Somewhere in the midst of floating under water, thoughts turn into feelings, troubles turn into challenges, and training turns into emotional healing.
For me, swimming is more than a skill, much more than a sport-- it is a part of my soul. Lately, as I circle around the narrowed lane, I take my mind back to where it all began, searching for those childhood feelings of the swim.
Of course there are memories of smiles and laughter, of triumph and acheivement-- for those, I have plenty. However, there are equal memories of sorrow, disappointment, of defeat and failure--of myself as well as that very thing that I love.
I recall, quite incidentally, one of my first big moments of competition. I had been swimming for a fairly rigorous year-round team for only a few months--and even more notable--swimming competitively for a summer club team for just a couple months before that. Once I had finally learned to keep my head underwater there was no stopping me. I went from that summer club team almost immediately to the next level of training--year-round swimming and "real" competition.
This was my first meet as a "real" competitor, or so my little nine-year old self had understood it. There was only one tiny problem-- I was dreadfully sick. I had come down with some sort of flu bug the night before but had, in my typical fashion, determined that there was nothing that was going to keep me from swimming the meet.
Once I arrived on the pool deck and checked in with my coaches, they shocked me with my own earthquake-sized challenge-- I was going to swim in a relay, and not just any relay, the "A" relay. Clearly I was overjoyed and terrified in the same chlorine soaked body to receive such news. Those little flu bugs would just have to wait one stinkin' minute... for I was about to have a new, great moment.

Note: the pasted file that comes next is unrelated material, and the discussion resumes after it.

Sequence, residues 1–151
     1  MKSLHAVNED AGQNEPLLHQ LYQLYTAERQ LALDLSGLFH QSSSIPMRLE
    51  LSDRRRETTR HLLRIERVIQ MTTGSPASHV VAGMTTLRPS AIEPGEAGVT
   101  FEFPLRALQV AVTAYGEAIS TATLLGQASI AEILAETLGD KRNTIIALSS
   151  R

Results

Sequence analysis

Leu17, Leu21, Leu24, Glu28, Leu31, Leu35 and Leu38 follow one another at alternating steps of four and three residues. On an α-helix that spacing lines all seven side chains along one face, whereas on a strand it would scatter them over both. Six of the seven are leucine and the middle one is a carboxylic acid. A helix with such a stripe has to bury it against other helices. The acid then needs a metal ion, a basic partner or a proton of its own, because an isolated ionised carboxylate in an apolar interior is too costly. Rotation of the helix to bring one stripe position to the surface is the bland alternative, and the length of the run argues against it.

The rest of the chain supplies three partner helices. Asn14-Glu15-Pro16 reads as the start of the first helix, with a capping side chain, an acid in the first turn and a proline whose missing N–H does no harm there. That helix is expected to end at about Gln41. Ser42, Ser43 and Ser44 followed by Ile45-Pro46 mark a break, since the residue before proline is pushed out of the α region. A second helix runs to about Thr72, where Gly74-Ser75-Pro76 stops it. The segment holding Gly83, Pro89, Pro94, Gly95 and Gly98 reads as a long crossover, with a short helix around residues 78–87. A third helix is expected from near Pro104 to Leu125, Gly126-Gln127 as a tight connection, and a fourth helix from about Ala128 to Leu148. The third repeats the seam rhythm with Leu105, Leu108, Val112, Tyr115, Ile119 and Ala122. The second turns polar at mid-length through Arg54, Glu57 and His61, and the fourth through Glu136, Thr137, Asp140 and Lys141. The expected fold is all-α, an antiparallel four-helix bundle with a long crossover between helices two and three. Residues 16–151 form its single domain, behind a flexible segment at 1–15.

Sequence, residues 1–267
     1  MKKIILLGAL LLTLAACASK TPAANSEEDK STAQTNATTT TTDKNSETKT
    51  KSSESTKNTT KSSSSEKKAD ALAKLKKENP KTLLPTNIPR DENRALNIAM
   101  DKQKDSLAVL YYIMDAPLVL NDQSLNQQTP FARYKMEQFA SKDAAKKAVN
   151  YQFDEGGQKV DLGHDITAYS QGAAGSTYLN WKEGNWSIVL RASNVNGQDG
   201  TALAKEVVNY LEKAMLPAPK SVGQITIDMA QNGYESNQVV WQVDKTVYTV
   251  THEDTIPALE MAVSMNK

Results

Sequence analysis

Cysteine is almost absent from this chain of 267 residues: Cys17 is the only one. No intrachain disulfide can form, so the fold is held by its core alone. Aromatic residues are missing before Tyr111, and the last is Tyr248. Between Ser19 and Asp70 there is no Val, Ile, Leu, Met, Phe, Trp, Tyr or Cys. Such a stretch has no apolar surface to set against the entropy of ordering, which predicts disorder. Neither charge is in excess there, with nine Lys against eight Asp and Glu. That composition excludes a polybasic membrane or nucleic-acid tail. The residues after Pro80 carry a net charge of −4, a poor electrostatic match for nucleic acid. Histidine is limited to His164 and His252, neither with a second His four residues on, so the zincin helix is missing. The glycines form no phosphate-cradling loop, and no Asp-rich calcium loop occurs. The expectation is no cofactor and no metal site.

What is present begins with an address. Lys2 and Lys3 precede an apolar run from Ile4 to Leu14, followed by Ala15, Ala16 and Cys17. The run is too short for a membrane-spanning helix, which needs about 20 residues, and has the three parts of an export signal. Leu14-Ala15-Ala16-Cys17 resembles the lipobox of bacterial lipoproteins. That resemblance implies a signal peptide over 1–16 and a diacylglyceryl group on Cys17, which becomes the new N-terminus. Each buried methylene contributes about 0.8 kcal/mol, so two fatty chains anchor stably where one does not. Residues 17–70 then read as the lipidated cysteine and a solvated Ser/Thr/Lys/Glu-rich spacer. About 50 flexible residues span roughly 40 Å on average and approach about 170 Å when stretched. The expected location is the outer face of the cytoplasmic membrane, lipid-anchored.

Having been fairly new to the swim team, I was introduced to the other three girls on my relay team by one of the coaches. As we walked towards the trio with a smile in my heart and a skip in my step, things started to slow to a sudden, car-wreck-sort-of-stop. I could hear them, so obviously the coach would too, right?
"SHE can't possibly swim on our relay."
"SHE has no idea what she is doing."
"Where's Kate? She's a MUCH better swimmer."
The last words I heard were the most troubling of all. "You are going to swim the breaststroke leg..."
Breaststroke?! Sure, I could do it... but not in any world I would have ever put on that pseudo-frog-styled hat and flaunted it around like so.
The next few moments were a blur of unhappy nine-year old teammates, gurgling tummy, heart racing, and "Take your marks!"
In my nine-year old head, I had no idea how lasting those feelings of inadequecy would be. I had no idea how I would hold on to those feelings of not belonging, not being good enough, and not deserving my "spot" in the pool.
Sadly, those feelings translated into an even deeper sense of undeservedness as I entered high school...